- Tip #6: Worry less about your teen feeling “overscheduled.” Encourage organized activities. According to a report by the Society for Research in Child Development, the “overscheduled child” is a media myth. Parents might feel frazzled hauling multiple kids around, but many teens themselves generally enjoy their activities. In addition to being enjoyable for teens, these organized activities, build a sense of competence, and allow them to interact with peers and positive adult role models. Most teens still spend many more hours in unstructured leisure activities (such as media, hanging out), and the real concern is the 40 percent of youth who do not participate in any organized activities.
- Tip #7: Make sure your teen is getting enough time with you, especially dads. In a 1999 survey of more than 1,000 kids ages 8–18, teens were more likely than kids ages 8-12 to report wanting more time with their parents, and were more likely to want more time with their fathers than their mothers. Forty percent of teens said they want more time with their fathers and 30 percent said they want more time with their mothers (and no differences based on whether mom was employed or not).
- Tip #8: Parents should share their values with their children and tell them why they feel strongly about specific issues or behaviors. Research indicates that children adopt the values of their parents more often than not when they understand why their parents feel a certain way. Particularly in an election year, children and teens are hearing a lot about different social issues. This provides a valuable opportunity for parents to share what their values are about different issues, and to explain their rationale for their beliefs. These are rich discussions that will help children and teens better understand their parents’ perspectives and identify their own values.
- Tip #9: Sexuality education with children should start early and take advantage of teachable moments. Many parents feel nervous and unprepared to teach their children about sexuality, but research indicates that parents should start early and capitalize on "teachable moments" instead of a "big talk.” This takes a lot of the pressure of off parents because it becomes part of regular conversations with their children and teens. Teachable moments include bath time or potty training with young children, and television, movies, or current events with older children and teens. Research also indicates that learning about sexuality encourages responsible sexual behavior rather than promiscuity, so parents need not worry that bringing up sexuality will have adverse effects on children’s sexual behaviors.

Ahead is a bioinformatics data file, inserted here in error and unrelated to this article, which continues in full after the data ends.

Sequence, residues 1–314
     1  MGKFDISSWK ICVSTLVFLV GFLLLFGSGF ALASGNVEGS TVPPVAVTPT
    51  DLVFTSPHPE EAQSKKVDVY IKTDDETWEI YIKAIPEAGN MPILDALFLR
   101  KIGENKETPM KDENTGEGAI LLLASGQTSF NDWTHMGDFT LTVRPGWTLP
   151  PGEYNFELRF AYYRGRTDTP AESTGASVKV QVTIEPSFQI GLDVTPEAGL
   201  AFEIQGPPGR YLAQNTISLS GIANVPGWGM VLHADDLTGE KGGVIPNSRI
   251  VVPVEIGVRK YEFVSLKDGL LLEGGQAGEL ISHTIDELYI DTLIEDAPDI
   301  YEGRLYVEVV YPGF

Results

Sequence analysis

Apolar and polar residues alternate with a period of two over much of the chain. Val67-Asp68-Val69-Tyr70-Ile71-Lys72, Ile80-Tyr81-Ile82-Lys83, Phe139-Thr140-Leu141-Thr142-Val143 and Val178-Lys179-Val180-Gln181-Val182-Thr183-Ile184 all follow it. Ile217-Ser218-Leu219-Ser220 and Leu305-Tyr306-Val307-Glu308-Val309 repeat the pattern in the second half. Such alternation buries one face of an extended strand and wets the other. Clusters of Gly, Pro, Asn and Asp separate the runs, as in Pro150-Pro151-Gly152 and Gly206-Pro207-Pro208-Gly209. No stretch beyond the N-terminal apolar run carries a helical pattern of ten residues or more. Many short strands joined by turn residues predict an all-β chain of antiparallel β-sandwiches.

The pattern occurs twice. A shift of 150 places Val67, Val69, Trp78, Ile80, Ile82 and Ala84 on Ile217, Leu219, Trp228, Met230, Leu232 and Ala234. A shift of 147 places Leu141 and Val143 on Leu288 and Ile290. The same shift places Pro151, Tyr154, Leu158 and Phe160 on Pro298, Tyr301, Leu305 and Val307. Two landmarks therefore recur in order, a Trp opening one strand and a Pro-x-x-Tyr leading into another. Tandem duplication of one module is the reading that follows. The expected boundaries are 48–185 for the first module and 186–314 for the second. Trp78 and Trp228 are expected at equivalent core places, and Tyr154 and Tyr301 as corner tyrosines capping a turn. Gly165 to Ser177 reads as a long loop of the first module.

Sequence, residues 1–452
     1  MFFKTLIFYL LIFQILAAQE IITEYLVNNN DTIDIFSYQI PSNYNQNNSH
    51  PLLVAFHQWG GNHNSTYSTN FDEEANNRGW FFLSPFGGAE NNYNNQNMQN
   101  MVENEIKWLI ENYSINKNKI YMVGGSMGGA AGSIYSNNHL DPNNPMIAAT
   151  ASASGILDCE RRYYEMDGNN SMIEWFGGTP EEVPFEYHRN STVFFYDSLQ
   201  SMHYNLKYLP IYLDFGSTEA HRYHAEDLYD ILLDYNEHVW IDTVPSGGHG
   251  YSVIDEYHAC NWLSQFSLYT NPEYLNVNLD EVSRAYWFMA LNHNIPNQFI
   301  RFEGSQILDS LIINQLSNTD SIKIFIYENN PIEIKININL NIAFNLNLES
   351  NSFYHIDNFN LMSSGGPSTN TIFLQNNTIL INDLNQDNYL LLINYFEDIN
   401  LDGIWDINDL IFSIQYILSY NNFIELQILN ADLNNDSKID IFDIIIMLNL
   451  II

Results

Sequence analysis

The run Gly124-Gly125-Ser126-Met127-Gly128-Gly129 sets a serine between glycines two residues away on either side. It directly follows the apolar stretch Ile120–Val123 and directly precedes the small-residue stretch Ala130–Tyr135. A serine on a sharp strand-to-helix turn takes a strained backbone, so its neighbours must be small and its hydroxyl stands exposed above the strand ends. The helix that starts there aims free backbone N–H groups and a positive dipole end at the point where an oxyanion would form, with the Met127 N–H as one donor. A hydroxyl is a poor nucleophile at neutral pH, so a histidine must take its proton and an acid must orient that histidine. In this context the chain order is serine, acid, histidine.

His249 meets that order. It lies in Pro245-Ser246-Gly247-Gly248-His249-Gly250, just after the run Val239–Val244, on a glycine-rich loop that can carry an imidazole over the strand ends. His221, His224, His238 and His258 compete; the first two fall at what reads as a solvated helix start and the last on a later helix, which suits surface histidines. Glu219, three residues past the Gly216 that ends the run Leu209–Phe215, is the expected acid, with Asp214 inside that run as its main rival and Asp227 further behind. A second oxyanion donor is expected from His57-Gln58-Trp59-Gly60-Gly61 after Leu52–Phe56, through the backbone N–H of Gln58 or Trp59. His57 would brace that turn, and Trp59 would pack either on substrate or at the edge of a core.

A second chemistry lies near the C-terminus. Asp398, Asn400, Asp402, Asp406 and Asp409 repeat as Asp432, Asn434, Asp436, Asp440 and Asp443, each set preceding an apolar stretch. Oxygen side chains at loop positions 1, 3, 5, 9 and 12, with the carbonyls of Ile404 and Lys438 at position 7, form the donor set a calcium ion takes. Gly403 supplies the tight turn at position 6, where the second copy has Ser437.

- Tip #10: You are never too old to be playful in your relationships. A child’s primary form of learning, expression, and communication is play. As we grow older, however, we stop playing as much in favor of more “adult” interactions. Play has been shown to be a very effective form of stress relief and bonding for adults as well as children, and some experts encourage adults to engage in more play in both their adult relationships and with children. Play time can be pre-planned or spontaneous. Embracing the spirit of play is often what is missing in adult relationships. Try to increase the amount of time you spend in playful activities with your partner or children by just 15 minutes a day. Try playing making up a silly game the next time you are on a long car ride or create a scavenger hunt on a lazy Sunday afternoon. Go outside for a game of hide-and-seek around the neighborhood or have everyone dress up in funny costumes for dinner on a Friday night. One note of caution: playfulness is not the same as sarcasm or teasing so make sure the activity is fun for all.
This information is provided by professors with CSU’s Marriage and Family Therapy Program, part of the Department of Human Development and Family Studies. The program also runs the Center for Family and Couple Therapy. The center provides therapy services to families, couples, individuals, adolescents and children. Services are offered on a sliding-fee scale and during a variety of times of the day, including after school. The program is part of the university’s graduate program for future therapists.
The Department of Human Development and Family Studies is part of the College of Applied Human Sciences.